By Lee Dingain – UK representative for REGUA.
The Atlantic Forest is one of the world’s most depleted and threatened rainforests. Five centuries of destruction have left very few large continuous expanses of Atlantic Forest in existence today, and most of what does remain is highly fragmented.
Most of the Guapiaçu Ecological Reserve (REGUA) is situated on the lush forest-clad coastal slope of the Serra dos Órgãos mountains, which form the boundary of the upper Guapiaçu watershed. These steep mountain slopes proved too much for complete forest clearance, but the landscape of the valley floor could not be more of a contrast.
On a drive around the dusty dirt roads outside the reserve, it will soon become apparent that every exploitable patch of ground has been stripped of trees and replaced by agriculture and pasture. Atlantic Forest in the flat lowlands is now exceptionally rare.
But the lowlands around REGUA are not completely devoid of trees. Between the pasture, manioc fields and papaya plantations lie numerous small hills. While most have been reduced to grass covered slopes weathering by soil creep and gully erosion, there are some that still retain some tree cover. But these patches of trees are small, many are tiny. What biodiversity can such small forest fragments support? Are they worth saving?
At first glance these fragments appear to be of little ecological value. However, scientific research at REGUA, carried out by scientists and amateur naturalists alike, has proven time and again how important these forest fragments are, and why reconnecting them to larger forest blocks is crucial for the long-term survival of the biodiversity they support.
Take one such forest remnant at REGUA, named after the former landowner, Onofre Cunha, but known affectionately as simply ‘The Fragment’. This 134 hectare patch of forest, a few minutes’ drive from the continuous forest forming most of the reserve, contains some large trees, but initially appeared too small and isolated to support many forest interior animals. Adjacent to a busy road and bisected by an vehicular access track, there was also easy access to hunters. But then local bird guide, Igor Camacho and student Mieko Kanegae, were walking along the access track during the night when they encountered a pair of Black-banded Owls. This surprising sighting prompting a surge of interest in exploring this fragment further.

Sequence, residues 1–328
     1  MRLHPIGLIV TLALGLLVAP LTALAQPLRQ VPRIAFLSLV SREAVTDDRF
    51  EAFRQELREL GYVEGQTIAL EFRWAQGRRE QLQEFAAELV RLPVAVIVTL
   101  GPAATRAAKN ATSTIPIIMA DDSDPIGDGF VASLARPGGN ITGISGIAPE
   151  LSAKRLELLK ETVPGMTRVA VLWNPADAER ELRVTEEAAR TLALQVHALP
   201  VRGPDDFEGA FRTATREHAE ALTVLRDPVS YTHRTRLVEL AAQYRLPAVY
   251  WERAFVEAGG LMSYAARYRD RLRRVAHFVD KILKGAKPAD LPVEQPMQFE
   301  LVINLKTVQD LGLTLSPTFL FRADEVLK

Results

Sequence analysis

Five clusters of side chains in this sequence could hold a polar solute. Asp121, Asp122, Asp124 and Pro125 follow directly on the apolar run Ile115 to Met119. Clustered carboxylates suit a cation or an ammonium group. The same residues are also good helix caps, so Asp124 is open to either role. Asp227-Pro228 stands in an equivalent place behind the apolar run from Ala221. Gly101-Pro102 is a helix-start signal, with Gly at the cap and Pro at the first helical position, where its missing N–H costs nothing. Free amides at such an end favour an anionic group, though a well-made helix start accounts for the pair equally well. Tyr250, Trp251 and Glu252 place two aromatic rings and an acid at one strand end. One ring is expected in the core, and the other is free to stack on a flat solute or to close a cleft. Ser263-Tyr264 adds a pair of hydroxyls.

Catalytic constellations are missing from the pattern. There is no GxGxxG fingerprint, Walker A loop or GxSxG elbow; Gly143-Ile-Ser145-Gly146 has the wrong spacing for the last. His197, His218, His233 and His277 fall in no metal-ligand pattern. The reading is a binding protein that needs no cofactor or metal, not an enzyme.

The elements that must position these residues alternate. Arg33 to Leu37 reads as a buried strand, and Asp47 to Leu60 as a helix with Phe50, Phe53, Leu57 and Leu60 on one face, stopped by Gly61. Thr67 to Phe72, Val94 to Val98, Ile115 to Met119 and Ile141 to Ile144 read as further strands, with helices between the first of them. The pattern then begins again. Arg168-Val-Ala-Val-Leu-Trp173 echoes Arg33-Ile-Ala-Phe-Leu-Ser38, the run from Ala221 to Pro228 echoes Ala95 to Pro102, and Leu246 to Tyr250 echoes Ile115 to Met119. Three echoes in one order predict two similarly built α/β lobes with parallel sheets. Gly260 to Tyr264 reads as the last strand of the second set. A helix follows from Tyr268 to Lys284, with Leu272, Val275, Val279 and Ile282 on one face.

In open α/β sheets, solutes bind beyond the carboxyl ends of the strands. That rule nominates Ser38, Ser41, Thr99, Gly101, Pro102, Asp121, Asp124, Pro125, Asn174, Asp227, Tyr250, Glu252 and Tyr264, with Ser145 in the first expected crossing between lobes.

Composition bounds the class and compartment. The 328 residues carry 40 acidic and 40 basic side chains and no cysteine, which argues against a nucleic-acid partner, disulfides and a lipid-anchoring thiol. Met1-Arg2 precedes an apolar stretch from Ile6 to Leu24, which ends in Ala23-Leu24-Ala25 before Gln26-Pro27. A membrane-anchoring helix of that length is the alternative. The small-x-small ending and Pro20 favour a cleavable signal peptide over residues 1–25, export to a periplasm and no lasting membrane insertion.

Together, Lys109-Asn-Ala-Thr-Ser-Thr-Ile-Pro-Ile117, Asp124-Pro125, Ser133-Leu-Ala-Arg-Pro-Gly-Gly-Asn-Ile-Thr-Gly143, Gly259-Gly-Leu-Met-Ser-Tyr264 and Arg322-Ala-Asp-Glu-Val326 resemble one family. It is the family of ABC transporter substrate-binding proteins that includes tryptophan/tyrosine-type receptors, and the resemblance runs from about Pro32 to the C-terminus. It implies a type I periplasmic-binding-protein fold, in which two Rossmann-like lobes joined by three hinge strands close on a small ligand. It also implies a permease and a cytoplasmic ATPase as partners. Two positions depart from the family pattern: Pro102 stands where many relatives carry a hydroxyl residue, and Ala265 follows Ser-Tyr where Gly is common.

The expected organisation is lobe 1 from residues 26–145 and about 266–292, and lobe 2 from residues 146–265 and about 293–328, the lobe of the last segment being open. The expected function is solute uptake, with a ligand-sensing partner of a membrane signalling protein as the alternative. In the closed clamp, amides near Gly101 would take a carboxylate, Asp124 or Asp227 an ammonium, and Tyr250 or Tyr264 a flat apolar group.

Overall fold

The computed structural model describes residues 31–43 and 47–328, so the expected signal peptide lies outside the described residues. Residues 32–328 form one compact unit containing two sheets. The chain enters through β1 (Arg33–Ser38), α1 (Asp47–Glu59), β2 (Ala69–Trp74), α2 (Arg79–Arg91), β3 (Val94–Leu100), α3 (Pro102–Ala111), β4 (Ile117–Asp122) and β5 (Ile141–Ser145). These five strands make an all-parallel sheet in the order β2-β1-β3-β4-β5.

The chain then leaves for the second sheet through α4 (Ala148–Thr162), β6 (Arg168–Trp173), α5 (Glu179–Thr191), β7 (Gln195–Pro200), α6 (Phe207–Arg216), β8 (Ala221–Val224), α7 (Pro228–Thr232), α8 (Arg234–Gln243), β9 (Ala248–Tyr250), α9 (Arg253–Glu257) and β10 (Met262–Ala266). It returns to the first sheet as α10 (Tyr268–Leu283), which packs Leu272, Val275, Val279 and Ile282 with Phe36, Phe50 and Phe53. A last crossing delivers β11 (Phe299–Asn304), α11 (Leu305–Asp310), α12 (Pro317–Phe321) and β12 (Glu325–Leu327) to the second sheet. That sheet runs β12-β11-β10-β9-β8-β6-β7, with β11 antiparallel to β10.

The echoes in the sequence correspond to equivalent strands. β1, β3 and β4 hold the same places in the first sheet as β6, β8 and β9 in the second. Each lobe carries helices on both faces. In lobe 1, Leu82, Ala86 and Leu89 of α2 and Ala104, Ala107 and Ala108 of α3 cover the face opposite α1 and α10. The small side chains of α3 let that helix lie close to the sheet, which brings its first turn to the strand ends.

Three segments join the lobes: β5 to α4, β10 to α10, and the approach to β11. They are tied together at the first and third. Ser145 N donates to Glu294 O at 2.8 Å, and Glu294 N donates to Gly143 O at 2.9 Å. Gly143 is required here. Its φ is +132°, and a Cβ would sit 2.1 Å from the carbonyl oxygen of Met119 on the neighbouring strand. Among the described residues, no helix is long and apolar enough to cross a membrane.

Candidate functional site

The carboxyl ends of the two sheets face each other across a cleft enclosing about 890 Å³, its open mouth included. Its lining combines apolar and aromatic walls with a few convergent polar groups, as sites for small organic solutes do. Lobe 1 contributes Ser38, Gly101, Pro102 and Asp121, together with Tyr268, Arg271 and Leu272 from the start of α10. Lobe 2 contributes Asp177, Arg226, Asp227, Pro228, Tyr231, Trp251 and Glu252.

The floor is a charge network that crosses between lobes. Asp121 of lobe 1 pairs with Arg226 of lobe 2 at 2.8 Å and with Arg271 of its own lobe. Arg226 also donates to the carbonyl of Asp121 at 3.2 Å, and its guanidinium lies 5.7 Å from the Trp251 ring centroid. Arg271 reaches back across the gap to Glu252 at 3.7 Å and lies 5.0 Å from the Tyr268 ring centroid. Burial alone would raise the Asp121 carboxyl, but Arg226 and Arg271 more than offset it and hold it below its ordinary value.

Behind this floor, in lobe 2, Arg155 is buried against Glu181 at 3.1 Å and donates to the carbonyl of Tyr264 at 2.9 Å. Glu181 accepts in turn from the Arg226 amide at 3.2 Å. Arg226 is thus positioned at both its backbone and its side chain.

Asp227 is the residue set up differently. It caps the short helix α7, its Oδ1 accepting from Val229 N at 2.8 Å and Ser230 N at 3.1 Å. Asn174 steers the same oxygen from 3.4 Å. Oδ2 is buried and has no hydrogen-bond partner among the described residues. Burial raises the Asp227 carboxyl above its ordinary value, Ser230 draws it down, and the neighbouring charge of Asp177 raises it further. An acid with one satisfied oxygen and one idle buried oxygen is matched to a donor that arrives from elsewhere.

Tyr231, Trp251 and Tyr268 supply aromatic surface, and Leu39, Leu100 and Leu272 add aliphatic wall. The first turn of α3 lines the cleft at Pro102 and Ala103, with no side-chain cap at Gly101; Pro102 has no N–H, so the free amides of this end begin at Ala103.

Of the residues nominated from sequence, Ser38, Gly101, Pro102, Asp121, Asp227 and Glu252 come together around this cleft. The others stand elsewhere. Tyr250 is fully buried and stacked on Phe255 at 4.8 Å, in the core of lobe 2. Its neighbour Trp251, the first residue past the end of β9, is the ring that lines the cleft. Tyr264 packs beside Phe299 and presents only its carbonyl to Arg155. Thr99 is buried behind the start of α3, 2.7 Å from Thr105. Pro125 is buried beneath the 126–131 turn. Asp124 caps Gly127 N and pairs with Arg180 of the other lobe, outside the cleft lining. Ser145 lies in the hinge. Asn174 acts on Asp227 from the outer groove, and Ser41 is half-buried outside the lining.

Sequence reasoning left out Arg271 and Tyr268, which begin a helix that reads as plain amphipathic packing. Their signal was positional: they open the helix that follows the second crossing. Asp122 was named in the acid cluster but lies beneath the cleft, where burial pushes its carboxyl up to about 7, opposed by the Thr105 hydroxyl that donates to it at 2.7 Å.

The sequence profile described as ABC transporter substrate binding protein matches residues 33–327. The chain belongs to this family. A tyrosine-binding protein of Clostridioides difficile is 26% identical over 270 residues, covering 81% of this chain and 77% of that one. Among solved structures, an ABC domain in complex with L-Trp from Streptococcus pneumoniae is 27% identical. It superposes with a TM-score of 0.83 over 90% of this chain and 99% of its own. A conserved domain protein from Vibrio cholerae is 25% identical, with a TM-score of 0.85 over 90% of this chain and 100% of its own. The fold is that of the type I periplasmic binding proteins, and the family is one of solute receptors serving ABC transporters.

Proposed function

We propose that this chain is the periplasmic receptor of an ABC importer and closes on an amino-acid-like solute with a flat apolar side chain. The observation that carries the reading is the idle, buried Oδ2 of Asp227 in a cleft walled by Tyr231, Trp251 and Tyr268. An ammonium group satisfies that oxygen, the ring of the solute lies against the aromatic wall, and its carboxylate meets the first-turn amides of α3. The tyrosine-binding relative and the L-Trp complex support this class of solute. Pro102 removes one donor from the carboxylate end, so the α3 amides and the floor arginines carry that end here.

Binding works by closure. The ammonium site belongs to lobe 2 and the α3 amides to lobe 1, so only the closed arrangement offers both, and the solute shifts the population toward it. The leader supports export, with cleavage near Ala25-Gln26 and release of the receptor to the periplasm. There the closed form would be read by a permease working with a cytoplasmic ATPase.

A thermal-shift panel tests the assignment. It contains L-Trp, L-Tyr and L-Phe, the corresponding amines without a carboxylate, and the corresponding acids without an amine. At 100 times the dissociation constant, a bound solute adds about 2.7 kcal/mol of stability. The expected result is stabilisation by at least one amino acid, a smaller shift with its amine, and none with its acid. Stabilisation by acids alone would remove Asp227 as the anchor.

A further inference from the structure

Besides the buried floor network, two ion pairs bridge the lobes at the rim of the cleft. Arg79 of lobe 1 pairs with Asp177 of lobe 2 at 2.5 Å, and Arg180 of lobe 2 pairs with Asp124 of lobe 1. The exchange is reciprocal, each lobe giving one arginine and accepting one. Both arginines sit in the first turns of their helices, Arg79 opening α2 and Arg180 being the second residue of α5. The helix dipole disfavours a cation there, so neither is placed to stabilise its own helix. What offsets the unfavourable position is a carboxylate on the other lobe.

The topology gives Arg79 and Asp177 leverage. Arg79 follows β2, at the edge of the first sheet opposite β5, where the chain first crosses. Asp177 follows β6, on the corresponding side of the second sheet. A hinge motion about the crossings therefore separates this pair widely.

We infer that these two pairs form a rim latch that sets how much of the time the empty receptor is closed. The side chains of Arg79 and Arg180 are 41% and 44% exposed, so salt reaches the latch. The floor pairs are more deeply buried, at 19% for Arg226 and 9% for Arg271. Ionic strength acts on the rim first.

Numerous subsequent night-time visits made by REGUA’s resident bird guide, Adilei Carvalho da Cunha, revealed a rich diversity of nocturnal birds living here, including seven species of owls. Species found include Tawny-browed Owl and Black-capped Screech-Owl, both found only in the Atlantic Forest. Birds of prey are indicator species, and this diversity of owls tells us that, although small and isolated, the ecology of this patch of forest is in relatively good health.
Most of the owls found at The Fragment are insectivorous, indicating a healthy invertebrate population, and daytime visits have indeed revealed that this small fragment supports a wealth of insect life. One group especially well represented are the Lepidoptera, the butterflies and moths.
REGUA Research Coordinator, Jorge Bizarro, has a passion for these insects and a vast knowledge of their ecology and lifecycles. Along with several amateur naturalists, Jorge has been recording and photographing butterflies at The Fragment for the last decade. The diversity of species they have found in this tiny patch of forest is astonishing, suggesting a wide variety of food plants are present.
Species associated with good quality forest, such as the metalmark Pirasca sagaris satnius, are present, and incredibly, many species new for the state of Rio de Janeiro have been also recorded here, such as the beautiful monotypic Little Banner (Nica flavilla flavilla).
Small isolated forest fragments appear to be particularly important for a range of insects. In 2011 Dutch entomologist, Tom Kompier, began an extensive study of the dragonflies and damselflies of the Guapiaçu watershed. He discovered the only known location in the Guapiaçu valley for the critically endangered damselfly, the Ivory-tailed Bluetip (Minagrion ribeiroi), in another tiny patch of trees near REGUA.
More remarkable still, these fragments are even able to support species yet to be discovered. Seven months into his study, Tom was at The Fragment when he noticed an unfamiliar damselfly. Incredibly, this turned out to be a completely new species to science! Formally described by Ângelo Parise Pinto from the Federal University of Parana and Tom in 2018, this damselfly was named the Regua Pincertip (Forcepsioneura regua) in honour of REGUA’s work to conserve the Atlantic Forest.
The Regua Pincertip is a reminder that as habitat destruction continues, a great many species will disappear before they are discovered. But it is not enough simply to preserve these patches of forest as they are. If they remain isolated, over time the floral and faunal diversity they support will decline. Without fresh genetic input, these isolated ecological communities are vulnerable to disease, hunting and other threats. It is therefore vital that we save the few fragments of Atlantic Forest that remain, but also reconnect them.
The upper Guapiaçu valley is relatively fortunate in that it still has several forest fragments remaining, some quite extensive. With help from World Land Trust, the ambition is that REGUA will be able to purchase four priority areas of Atlantic Forest, totalling 112 hectares. This forest will then be protected by REGUA’s rangers, and the deforested land that these areas include replanted to reconnect the existing forest blocks. Only through the land purchase and protection can we ensure that the Atlantic Forest not only survives but thrives.
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